Hidden from view down country lanes or taking pride of place in the county’s picturesque villages, the churches of Herefordshire stand ready to reveal their rich history and stunning architecture to visitors ...

St Catherine’s, Hoarwithy (Grade 1)
St Catherine’s was “beautified” by the vicar in the 1850s to become a dramatic and very different Italianate Romanesque and Byzantine building designed by J.P.Seddon. Look out for the arcaded walkway outside, the lovely Burne-Jones window on the west wall. Many of the church’s features were copied from abroad, including St Mark’s Cathedral in Venice. 
Fairly steep walk up from road, but worth it. 

St Michael and All Angels, Eaton Bishop (Grade 1)
Situated at the highest point of the village, about 400 feet above sea level, the building existed prior to the Norman Conquest but the tower and church were enlarged after 1066. There is a rare and almost complete carriage drive around the church, and the medieval stained glass east window was judged “the finest decorated glass in the county” by Nicolas Pevsner.

St Tysilio’s, Sellack (Grade 1 )
The only English church dedicated to the Welsh Saint Tysilio, this 12th-century church enjoys an idyllic setting by the River Wye, and if featured as part of the Herefordshire trail on the old route across the Wye to Kings Caple. St Tysilio’s features a Jacobean pulpit and musician’s gallery. 

St Margaret’s, St Margarets (Grade 1)
Simple church of Norman origin with exquisitely-carved must-see oak roodscreen from c.1520
‘My own memory of the perfect Herefordshire is a spring day in the foothills of the Black Mountains and finding among the winding hilltop lanes the remote little church of St. Margaret’s where there was no sound but a farm dog’s distant barking.
Opening the church door I saw across the whole width of the little chancel a screen and loft all delicately carved and textured pale grey with time’.  John Betjeman

St George’s, Brinsop (Grade 1)
Among ‘England’s Thousand Best Churches (Simon Jenkins), on fortified site next to a lake, this church is full of dragon images as the field outside contains the well where the dragon lived before St. George killed it, while 19th century work includes windows and graves with William Wordsworth associations, whose family often visited.

St Mary’s, Foy (Grade 1)
Stone from the demolished castle of local lord, Sir Robet de Tregoz, who died at Evesham in 1256, was probably used to construct the 14th century bell tower of this 13th century church. Enjoy spectacular views across the Wye and wonderful walks from here. The rare decagonal font is the largest in Herefordshire.

All Saints, Monkland (Grade 2*)
Built by Norman monks from the Abbey of Conches about 1100. Sir Henry Williams Baker, known nationally and internationally as a hymn-writer, including ‘The King of Love my Shepherd is’ and for his role in the publication of Hymns Ancient and Modern, was vicar 1871-1877. The organ built in 1866 by J W Walker in accordance with Sir Henry Baker’s instructions. is listed by the British Institute Of Organ Studies as an instrument of importance to our national heritage.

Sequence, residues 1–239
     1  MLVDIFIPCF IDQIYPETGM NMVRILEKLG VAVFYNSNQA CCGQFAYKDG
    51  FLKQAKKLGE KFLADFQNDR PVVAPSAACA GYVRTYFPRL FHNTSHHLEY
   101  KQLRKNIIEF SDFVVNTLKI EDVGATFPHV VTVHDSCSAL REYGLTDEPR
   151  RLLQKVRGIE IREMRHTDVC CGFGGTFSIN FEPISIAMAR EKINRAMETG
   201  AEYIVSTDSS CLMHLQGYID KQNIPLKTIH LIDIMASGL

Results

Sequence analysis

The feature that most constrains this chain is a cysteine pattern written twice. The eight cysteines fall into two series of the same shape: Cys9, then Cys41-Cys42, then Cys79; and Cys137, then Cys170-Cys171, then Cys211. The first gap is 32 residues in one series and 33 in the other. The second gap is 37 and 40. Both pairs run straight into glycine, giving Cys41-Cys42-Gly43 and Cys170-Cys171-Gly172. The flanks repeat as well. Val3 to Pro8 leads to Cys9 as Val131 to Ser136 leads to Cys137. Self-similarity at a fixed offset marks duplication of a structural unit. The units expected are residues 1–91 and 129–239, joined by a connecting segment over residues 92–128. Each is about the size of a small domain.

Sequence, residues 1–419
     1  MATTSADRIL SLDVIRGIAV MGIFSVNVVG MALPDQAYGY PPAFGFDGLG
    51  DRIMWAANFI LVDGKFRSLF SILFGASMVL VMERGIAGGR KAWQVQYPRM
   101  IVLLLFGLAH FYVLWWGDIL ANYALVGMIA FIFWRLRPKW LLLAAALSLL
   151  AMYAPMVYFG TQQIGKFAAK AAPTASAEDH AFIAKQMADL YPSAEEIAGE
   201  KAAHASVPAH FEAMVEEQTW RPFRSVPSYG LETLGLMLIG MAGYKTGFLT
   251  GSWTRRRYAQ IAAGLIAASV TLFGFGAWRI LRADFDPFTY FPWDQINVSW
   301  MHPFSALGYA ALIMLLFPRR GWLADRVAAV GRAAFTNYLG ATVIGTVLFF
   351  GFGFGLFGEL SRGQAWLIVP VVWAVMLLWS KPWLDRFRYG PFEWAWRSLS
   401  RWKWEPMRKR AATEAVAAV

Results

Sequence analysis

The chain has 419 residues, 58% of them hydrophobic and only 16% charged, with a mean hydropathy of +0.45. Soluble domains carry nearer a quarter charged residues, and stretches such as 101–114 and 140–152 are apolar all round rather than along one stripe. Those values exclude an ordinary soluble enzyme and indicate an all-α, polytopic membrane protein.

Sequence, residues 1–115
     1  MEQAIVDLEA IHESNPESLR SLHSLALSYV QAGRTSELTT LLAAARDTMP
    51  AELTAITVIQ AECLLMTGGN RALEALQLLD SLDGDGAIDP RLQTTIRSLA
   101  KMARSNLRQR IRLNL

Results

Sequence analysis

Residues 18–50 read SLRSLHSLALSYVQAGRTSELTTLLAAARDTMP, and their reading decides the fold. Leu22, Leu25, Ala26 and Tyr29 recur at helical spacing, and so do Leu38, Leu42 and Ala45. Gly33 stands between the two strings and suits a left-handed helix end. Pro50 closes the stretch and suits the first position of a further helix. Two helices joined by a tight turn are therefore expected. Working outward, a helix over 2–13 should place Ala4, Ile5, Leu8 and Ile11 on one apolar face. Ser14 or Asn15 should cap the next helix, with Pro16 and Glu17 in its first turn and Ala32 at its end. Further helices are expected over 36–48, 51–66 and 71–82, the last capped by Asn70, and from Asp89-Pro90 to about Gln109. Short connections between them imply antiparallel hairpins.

St Michael and All Angels, Croft (Grade 1)
Adjacent to Croft Castle,  St Michael and All Angels houses the 16th Century chest tomb of Sir Richard and Lady Croft, and the bell turret with leaded ogee-shaped cupola from about 1700, incorporates a rare single-hand clock.

St Dubricius, Hentland
(Grade 1)
One of the oldest churches in the Ross and Archenfield deanery dating from the 13th and 14th centuries. Look for the hedgehog in the St Dubricius window (The Celts called ancient Archenfield “Ergyng”, meaning “Land of the Hedgehog”). In the churchard, a 14th century medieval cross features four effigies, and the Great Yew was planted on Shrove Tuesday in 1615!

St Barnabas, Brampton Bryan (Grade 1)
The original Norman church was largely demolished during Civil War siege of the adjacent castle, and the current church dates from 1656, one of only six churches known to have been allowed redevelopment during ‘Commonwealth’ (1649-60).
Featuring a combined nave and chancel, with and exceptional triple hammer beam roof, possibly from the ruined castle.

St Mary the Virgin, Welsh Newton (Grade 1)
This church belonged to the Knights Templar, as did the nearby St Michael’s Church in Garway, until it passed in 1312 to the Knights Hospitaller in 1312, who lost it more than 200 years later during the Reformation.
The ancient rood screen, dating from about 1320 displays ball flowers, typical of the period, and the present roof dates from the 16th century, although parts of the original remain. The churchyard extends to just over two acres and features a preaching cross with medieval steps and socket stone (for a medieval cross), and the grave of St John Kemble, the priest hanged at the age of 80.